On August 30, the USDA announced that dozens of Publix beef products may be contaminated with Escherichia coli O26—a strain of potentially harmful E. coli. (Learn all about E. coli here.) The voluntary recall has been categorized as Class I, which means that the USDA deems the event as “a health hazard situation where there is a reasonable probability that the use of the product will cause serious, adverse health consequences or death.” Although the situation is ongoing, a total of 18 cases of illness have been linked to the recalled ground beef.
Where Is It Happening?
The recalled items were shipped to Publix Super Market retail locations in central Florida and several surrounding counties. Publix stores in major cities like Tampa and Orlando are included in the recall, too. Click here to see the full list of affected counties.
Not in that area? Rest easy. This potential outbreak has not been tied to any Publix stores outside of the listed areas.
What Products Are Affected?
Publix released a list of 29 products that are included in the recall. The list includes ground chuck and dozens of ready-made products. The USDA reports that only products on the list that were sold between June 25 through July 31 are affected. The exact supplier has yet to be identified.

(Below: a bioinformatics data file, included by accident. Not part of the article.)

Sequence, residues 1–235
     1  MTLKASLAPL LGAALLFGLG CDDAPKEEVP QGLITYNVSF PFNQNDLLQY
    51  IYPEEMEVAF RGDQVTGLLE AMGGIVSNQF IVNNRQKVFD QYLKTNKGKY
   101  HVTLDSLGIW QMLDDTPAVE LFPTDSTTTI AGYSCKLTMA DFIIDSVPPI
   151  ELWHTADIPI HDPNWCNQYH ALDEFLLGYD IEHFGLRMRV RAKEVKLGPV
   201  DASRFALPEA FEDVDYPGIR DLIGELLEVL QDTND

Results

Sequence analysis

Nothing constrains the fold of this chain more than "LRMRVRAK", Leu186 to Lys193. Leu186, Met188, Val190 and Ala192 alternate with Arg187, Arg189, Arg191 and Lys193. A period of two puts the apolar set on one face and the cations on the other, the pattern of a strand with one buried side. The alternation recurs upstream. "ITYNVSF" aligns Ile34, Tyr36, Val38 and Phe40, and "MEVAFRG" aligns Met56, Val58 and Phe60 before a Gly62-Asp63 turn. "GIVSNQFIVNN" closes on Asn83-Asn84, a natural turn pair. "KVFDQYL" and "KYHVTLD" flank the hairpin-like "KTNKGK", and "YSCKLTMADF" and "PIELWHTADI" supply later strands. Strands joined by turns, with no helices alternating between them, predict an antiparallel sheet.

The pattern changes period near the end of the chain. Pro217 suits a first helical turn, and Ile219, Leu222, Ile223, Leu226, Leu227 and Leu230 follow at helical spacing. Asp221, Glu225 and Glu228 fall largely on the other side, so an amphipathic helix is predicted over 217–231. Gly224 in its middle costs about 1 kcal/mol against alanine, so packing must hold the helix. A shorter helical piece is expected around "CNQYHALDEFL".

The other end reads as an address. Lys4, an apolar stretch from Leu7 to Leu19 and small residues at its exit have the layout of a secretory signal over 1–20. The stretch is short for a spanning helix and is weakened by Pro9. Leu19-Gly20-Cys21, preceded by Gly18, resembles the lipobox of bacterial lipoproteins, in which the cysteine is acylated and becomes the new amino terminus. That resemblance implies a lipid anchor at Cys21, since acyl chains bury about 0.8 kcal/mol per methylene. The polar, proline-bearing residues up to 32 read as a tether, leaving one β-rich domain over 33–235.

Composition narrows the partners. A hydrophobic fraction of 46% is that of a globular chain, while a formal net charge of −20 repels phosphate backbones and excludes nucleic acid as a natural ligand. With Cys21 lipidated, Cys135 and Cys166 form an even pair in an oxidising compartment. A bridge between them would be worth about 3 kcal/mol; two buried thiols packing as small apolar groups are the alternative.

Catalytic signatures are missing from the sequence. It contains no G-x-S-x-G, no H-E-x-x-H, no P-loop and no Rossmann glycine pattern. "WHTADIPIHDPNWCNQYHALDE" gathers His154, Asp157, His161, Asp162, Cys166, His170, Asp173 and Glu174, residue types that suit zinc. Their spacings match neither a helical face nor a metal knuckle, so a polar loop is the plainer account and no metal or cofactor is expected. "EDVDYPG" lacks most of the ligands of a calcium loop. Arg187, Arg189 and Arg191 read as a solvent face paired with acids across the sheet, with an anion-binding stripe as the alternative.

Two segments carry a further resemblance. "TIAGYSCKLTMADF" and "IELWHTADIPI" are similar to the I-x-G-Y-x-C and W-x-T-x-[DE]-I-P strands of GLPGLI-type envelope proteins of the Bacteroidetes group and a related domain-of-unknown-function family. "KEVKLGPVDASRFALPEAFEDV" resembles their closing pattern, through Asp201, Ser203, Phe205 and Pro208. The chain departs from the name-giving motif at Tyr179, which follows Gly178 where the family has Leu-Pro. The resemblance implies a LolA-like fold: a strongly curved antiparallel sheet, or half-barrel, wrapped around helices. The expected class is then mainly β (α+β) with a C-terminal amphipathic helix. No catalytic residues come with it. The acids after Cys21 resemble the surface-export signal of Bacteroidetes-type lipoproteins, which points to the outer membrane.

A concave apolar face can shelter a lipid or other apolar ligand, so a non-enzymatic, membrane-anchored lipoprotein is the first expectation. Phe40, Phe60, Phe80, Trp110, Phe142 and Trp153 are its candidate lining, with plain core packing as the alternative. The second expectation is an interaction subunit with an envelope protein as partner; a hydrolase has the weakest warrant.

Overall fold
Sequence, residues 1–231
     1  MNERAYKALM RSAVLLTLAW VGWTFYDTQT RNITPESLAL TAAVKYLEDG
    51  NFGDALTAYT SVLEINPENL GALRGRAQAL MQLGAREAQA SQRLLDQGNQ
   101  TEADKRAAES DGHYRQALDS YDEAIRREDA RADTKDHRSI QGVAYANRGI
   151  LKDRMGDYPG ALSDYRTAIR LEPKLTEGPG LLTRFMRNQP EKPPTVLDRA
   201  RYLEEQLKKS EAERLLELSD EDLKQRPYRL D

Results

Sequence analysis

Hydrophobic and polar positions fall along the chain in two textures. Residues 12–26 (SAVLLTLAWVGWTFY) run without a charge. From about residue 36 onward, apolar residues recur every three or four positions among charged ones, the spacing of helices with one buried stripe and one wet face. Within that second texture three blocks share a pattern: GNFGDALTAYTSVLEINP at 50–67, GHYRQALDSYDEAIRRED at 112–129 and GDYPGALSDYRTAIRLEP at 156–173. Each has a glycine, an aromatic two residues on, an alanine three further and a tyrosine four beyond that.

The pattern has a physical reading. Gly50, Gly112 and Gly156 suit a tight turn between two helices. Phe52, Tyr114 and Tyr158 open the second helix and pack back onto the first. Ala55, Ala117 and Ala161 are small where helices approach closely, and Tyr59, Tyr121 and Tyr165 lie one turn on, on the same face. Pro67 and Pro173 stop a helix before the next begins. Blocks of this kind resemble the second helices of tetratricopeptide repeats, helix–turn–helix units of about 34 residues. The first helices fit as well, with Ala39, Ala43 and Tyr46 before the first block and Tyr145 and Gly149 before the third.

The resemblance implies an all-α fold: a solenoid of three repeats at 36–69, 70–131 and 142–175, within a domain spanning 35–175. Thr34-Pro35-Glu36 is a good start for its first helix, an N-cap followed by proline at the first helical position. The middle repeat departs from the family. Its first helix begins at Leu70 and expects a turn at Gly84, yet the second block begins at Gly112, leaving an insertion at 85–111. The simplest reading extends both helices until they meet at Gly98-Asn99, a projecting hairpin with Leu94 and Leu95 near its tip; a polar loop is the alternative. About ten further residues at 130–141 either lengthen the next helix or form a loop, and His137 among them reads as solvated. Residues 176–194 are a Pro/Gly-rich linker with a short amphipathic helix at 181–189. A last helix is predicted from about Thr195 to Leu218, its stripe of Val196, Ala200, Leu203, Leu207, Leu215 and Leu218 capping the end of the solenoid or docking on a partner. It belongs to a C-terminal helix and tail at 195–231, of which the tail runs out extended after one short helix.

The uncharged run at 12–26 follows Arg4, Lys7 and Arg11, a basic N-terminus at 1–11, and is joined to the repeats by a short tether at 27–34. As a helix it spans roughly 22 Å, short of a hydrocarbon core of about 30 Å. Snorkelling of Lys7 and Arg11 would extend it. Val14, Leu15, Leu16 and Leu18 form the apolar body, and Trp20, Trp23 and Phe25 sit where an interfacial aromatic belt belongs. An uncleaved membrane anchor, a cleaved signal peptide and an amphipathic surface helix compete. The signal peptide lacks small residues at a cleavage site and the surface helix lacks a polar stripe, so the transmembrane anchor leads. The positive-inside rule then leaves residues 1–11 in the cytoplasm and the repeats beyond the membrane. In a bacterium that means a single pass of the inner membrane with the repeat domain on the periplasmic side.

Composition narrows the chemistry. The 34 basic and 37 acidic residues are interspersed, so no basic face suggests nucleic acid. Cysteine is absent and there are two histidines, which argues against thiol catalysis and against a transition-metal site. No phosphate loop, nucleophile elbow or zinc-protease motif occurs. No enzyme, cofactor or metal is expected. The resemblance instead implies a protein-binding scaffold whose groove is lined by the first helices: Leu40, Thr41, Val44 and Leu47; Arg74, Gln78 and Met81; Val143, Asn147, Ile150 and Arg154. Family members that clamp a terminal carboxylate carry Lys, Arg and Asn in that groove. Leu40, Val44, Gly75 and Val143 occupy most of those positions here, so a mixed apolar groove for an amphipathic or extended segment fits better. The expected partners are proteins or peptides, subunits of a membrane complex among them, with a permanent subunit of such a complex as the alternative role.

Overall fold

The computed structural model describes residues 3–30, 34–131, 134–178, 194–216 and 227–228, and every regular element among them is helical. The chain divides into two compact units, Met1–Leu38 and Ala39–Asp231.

Think you’re affected? Double check your freezer for these foods and toss them immediately:
- Ground Chuck
- Ground Chuck Burgers
- Gourmet Burgers (Jalapeno & Cheddar, Pimento & Cheese, Bacon & Cheddar, Bacon & Fried Onion, Blue Cheese, and Swiss & Mushroom)
- Seasoned Ground Chuck Burgers (Badia, Mesquite, Montreal, and Steakhouse)
- Meatballs (Bacon & Cheddar, Bacon & Fried Onion, Blue Cheese, Jalapeno & Cheddar, Swiss & Mushroom, and Spanish)
- Meatloaf (Seasoned and Grillers)
- Sliders (Bacon & Cheddar, Bacon & Fried Onion, Ground Chuck, Blue Cheese, Jalapeno & Cheddar, and Swiss & Mushroom)
- Stuffed Peppers
How to Keep Your Family Safe from E. Coli Outbreaks
Staying up to date with current recalls is an important step, but it’s virtually impossible to predict where and when you may encounter a harmful strand of E. coli bacteria. To reduce your risk of infection, be sure to follow these food-safety best practices:
- Wash your hands before preparing food (see our hand-washing tips), and be extra diligent when handling raw meat. Wash your hands after, too.
- Avoid eating undercooked meat. Have these food-safe cooking temperatures on hand.
- Thoroughly wash raw produce. Here’s how.
For more tips and information, head to the Centers for Disease Control and Prevention.